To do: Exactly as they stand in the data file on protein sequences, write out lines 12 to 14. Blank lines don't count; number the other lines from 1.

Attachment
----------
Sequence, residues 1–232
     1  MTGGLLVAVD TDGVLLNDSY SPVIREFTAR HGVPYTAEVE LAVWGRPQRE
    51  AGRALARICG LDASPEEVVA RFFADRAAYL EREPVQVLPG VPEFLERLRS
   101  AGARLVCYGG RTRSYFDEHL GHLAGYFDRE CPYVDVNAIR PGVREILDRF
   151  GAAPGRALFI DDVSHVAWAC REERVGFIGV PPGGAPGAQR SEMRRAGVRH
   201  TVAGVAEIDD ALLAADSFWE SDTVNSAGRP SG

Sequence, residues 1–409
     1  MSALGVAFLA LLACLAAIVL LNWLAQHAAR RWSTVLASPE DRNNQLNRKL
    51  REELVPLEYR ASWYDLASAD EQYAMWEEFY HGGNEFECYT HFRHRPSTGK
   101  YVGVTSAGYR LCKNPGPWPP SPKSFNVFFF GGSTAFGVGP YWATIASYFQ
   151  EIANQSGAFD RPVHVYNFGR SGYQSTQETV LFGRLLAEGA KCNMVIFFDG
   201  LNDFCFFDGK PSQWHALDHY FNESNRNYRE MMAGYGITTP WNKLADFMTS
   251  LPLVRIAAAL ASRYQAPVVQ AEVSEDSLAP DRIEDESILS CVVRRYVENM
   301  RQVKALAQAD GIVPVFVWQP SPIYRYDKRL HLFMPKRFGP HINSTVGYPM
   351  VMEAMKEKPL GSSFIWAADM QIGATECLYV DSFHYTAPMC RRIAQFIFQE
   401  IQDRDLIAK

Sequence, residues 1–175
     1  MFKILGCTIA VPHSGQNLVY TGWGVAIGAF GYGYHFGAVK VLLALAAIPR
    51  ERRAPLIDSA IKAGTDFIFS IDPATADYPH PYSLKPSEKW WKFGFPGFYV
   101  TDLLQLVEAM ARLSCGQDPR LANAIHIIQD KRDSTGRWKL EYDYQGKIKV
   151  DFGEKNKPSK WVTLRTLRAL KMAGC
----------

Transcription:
   201  LNDFCFFDGK PSQWHALDHY FNESNRNYRE MMAGYGITTP WNKLADFMTS
   251  LPLVRIAAAL ASRYQAPVVQ AEVSEDSLAP DRIEDESILS CVVRRYVENM
   301  RQVKALAQAD GIVPVFVWQP SPIYRYDKRL HLFMPKRFGP HINSTVGYPM